Assertion: Archbishop Nienstedt Was Shown Child-porn Photos
By Brian Lambert
October 5, 2013
Today Madeleine Baran and Mike Cronin at MPR report: “Upset that her superiors had refused to take action, a former church official reported to police that leaders of the Archdiocese of St. Paul and Minneapolis had kept secret for eight years images of pornography — some of it appearing to show children — belonging to one of its priests. Jennifer Haselberger, the archdiocese's former chancellor for canonical affairs, marched the images she'd found into the offices of one church leader after another in May 2012. But none responded. The last straw for Haselberger came after she provided Archbishop John Nienstedt with copies of some of the images she had discovered in the archdiocese's files on the Rev. Jonathan Shelley, 52. She said the photos appeared to show boys performing oral sex. The Rev. Peter Laird, the archdiocese's vicar general at the time, Nienstedt's deputy, ordered her to hand over the pornographic images.”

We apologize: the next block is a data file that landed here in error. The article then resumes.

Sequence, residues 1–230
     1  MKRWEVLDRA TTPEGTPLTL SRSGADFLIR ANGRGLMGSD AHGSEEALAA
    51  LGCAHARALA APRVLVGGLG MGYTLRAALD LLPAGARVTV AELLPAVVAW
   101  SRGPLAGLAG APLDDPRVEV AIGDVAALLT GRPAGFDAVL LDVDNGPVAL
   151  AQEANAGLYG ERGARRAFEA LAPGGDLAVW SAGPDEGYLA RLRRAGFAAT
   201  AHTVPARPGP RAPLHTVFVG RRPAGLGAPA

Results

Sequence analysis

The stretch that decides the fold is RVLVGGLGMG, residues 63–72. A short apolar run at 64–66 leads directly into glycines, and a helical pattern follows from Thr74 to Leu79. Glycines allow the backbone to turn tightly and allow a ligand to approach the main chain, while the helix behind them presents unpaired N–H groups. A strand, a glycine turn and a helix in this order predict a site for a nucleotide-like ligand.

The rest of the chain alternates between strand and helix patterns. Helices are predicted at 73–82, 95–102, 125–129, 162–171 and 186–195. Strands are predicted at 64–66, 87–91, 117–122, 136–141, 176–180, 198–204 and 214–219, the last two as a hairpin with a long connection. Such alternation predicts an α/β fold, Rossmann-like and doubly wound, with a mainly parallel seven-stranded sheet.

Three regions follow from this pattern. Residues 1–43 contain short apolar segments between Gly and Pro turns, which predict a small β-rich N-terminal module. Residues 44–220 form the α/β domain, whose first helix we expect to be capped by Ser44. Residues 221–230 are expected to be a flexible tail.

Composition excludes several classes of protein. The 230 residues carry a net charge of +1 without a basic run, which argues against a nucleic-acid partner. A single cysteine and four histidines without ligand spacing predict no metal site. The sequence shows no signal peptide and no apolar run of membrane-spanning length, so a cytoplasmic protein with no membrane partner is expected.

In the Strib story on the resignation of Archbishop John Nienstedt’s “top lieutenant,” Jeff Strickler writes: “St. Paul attorney Jeff Anderson, a leading plaintiffs’ lawyer in pursuing cases against the archdiocese over child abuse, said the police report implies that the archdiocese destroyed evidence. The police report says that the archdiocese seized the evidence about the child pornography and kept it in a vault. When another diocesan official, Jennifer Haselberger, discovered the evidence, [the Rev. Peter] Laird told her to put it back in the vault, she told police. Haselberger, who has since resigned, brought the matter to police attention. When the police went to the vault, the evidence of child pornography that they were told would be there was missing. … The pornography allegations made public Thursday date to 2003. But most of the police report focuses on events that have taken place in the last few months after officers were contacted by Haselberger.”
Just as no one’s perfect, no one is wholly imperfect. An AP story says: “A Minnesota man imprisoned for drug dealing is among 22 Americans recently named Carnegie Heroes. Pierre Johnson said he's grateful the Carnegie selection board was able to look beyond his criminal record and give him a chance. Johnson received the award for his bravery in rescuing a 91-year-old woman from the second floor of her burning home in Brooklyn Park in May 2012. The following month, Johnson pleaded guilty to selling cocaine. On Oct. 15, Johnson is expected to be released from the Willow River Correctional Facility, an intensive boot camp program, where he served time for his drug dealing.”